If you've lost a partner or recently ended a longterm relationship, moving forward can be an extremely difficult transition.

It can take months, if not years, to recover from the shock of losing a loved one—and it's not uncommon to think you'll never find love again.

But it is possible to discover new love again without replacing the person you've lost.

For those who are grieving, owning a dog can save their life. There are countless success stories where people suffering from loss, depression and anxiety, have taken comfort from having a dog around to keep them company—not to mention a significant increase in their overall health.

A 2002 study by the American Animal Hospital Association (AAHA) found that 76 percent of participants experienced reduced stress levels when given a canine companion, while 65 percent said their overall mental health improved.

In 2000, a similar study had been conducted by the American Pet Products Manufacturers Association (APPMA), and yielded even greater results. More than 85 percent of seniors who participated in the study indicated that "pets make their family or home life healthier, either emotionally or physically."

Dogs give us a reason to wake up each and every morning, and encourage us to leave our house regularly. They require continuous love, affection, nourishment and positivity to remain healthy. In learning how to take care of a dog, we better understand how to take care of ourselves.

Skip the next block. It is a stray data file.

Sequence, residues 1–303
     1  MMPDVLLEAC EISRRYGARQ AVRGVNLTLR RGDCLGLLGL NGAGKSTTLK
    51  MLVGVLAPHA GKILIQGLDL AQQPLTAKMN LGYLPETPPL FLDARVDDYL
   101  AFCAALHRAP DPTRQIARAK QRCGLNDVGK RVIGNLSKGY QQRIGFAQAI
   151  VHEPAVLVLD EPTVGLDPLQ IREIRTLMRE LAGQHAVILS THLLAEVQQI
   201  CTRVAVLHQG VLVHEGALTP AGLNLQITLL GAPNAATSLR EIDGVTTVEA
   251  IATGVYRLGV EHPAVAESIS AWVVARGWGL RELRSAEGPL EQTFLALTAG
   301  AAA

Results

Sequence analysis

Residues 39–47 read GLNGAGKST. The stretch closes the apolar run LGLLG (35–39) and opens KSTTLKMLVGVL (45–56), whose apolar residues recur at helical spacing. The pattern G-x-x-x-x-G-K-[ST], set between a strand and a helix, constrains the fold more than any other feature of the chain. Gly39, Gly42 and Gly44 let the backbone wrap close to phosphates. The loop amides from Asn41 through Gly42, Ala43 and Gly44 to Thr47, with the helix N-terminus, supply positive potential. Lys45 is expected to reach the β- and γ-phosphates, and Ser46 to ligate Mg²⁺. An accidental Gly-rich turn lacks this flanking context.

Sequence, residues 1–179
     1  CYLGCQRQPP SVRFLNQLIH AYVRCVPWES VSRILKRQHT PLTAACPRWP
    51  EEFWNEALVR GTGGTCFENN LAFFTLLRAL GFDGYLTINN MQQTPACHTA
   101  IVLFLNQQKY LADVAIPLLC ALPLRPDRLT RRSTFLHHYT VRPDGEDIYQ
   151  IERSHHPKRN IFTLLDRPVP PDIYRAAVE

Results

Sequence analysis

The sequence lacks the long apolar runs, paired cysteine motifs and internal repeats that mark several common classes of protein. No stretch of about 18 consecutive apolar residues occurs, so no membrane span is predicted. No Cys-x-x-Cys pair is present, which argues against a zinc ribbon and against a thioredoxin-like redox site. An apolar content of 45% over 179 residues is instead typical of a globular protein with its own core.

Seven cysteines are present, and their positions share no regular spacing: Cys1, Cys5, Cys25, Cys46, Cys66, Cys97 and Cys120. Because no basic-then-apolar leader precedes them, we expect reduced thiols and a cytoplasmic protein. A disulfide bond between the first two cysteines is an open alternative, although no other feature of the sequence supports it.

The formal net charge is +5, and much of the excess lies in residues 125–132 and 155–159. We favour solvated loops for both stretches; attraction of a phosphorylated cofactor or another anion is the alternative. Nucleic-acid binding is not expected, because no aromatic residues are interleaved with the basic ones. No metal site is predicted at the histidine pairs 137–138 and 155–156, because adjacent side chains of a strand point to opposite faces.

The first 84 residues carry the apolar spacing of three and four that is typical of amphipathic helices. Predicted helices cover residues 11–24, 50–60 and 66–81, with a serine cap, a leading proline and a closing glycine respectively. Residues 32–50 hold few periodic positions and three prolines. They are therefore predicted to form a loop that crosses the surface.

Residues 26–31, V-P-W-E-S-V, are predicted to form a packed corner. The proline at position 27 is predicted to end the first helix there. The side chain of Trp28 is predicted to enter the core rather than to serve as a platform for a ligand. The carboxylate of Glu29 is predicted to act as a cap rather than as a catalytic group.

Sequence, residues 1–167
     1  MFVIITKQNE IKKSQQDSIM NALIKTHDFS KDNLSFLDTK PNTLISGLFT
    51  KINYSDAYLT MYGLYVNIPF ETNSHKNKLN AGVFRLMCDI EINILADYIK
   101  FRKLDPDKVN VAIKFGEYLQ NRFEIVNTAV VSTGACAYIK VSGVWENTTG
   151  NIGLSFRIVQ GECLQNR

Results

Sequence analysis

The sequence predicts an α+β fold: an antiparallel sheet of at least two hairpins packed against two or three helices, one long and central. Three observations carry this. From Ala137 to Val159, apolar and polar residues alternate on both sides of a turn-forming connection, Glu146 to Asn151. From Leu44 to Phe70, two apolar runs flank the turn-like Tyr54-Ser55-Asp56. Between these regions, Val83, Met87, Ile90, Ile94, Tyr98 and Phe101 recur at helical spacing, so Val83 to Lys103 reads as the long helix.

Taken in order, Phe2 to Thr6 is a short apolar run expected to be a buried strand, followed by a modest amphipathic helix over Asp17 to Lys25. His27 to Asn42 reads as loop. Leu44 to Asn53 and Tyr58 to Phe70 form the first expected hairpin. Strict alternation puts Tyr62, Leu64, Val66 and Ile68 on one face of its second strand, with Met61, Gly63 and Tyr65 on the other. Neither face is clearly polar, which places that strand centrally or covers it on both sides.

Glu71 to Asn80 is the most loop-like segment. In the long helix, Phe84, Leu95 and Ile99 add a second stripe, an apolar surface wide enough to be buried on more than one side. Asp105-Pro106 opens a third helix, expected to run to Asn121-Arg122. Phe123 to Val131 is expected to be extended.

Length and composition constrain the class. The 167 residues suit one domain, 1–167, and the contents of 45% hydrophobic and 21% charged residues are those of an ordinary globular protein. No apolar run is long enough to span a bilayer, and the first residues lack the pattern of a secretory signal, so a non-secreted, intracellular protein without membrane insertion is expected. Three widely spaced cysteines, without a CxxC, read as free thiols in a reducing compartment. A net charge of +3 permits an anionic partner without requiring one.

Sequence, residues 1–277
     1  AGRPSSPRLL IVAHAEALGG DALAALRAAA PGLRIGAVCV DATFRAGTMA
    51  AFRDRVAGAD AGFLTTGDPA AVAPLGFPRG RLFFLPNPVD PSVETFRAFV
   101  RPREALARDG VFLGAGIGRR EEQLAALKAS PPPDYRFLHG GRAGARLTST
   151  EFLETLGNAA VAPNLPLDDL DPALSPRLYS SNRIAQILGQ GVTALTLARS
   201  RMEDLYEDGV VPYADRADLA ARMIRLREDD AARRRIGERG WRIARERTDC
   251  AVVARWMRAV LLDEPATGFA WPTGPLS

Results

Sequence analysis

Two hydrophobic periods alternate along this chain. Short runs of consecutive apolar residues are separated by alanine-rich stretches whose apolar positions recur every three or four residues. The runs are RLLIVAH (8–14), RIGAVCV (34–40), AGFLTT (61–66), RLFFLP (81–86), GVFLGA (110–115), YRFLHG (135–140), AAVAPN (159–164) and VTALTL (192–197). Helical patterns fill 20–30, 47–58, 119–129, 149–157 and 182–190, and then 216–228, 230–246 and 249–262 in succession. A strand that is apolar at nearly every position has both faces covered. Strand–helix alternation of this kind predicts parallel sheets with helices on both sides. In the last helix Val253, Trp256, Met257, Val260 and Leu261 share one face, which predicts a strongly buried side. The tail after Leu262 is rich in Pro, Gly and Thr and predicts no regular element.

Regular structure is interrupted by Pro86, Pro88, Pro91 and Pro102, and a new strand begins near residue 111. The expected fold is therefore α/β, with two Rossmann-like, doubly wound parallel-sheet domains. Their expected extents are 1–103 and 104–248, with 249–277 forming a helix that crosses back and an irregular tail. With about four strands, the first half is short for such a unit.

Numerous studies have shown that dog owners benefit from more active lifestyles than those who don't own pets. A 2009 study funded by News in Health (NIH), revealed that, out of the 2,000 adults surveyed, dog owners who regularly walked their pets were more physically active overall and less likely to be obese than those who didn't own or walk a dog. Of the seniors in that participant pool, those that walked dogs also cited greater mobility in their homes than those who didn't have a pooch.

Another NIH-funded study observed 421 adults who had suffered heart attacks. One year later, it was discovered that dog owners were more likely to still be alive and in relative good health compared to those who didn't have dogs, regardless of the severity of their heart attack.

Dogs also have a profound effect on our social lives, as they require daily socialization and physical activities with other animals and their owners. For those recovering from loss and heartbreak, it's important to leave home regularly in order to avoid the onset of depression. Making new friends and expanding your social circle can seem daunting at first, but your dog will help you gain the courage necessary to interact with other dog parents.

Consider adopting a new furry friend—it'll not only greatly impact your own life, but you'll be saving a four-legged companion who deserves a good home. With millions of dogs being euthanized in the shelter system each year due to overcrowding, adoption is the kindest option.

While you may not be ready to fall in love with a partner again, you can still seek comfort and companionship with your pet.

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